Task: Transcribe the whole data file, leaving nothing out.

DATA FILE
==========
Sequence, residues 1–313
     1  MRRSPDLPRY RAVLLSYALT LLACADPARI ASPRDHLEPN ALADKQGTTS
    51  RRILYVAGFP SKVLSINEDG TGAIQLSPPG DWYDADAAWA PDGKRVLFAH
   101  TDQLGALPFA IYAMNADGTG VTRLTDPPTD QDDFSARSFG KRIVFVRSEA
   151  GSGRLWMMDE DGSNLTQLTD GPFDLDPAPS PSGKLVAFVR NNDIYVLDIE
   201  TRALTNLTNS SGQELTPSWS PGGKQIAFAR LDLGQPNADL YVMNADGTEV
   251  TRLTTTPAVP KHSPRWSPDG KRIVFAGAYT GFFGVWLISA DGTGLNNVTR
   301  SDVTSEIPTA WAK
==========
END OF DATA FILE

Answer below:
Sequence, residues 1–313
     1  MRRSPDLPRY RAVLLSYALT LLACADPARI ASPRDHLEPN ALADKQGTTS
    51  RRILYVAGFP SKVLSINEDG TGAIQLSPPG DWYDADAAWA PDGKRVLFAH
   101  TDQLGALPFA IYAMNADGTG VTRLTDPPTD QDDFSARSFG KRIVFVRSEA
   151  GSGRLWMMDE DGSNLTQLTD GPFDLDPAPS PSGKLVAFVR NNDIYVLDIE
   201  TRALTNLTNS SGQELTPSWS PGGKQIAFAR LDLGQPNADL YVMNADGTEV
   251  TRLTTTPAVP KHSPRWSPDG KRIVFAGAYT GFFGVWLISA DGTGLNNVTR
   301  SDVTSEIPTA WAK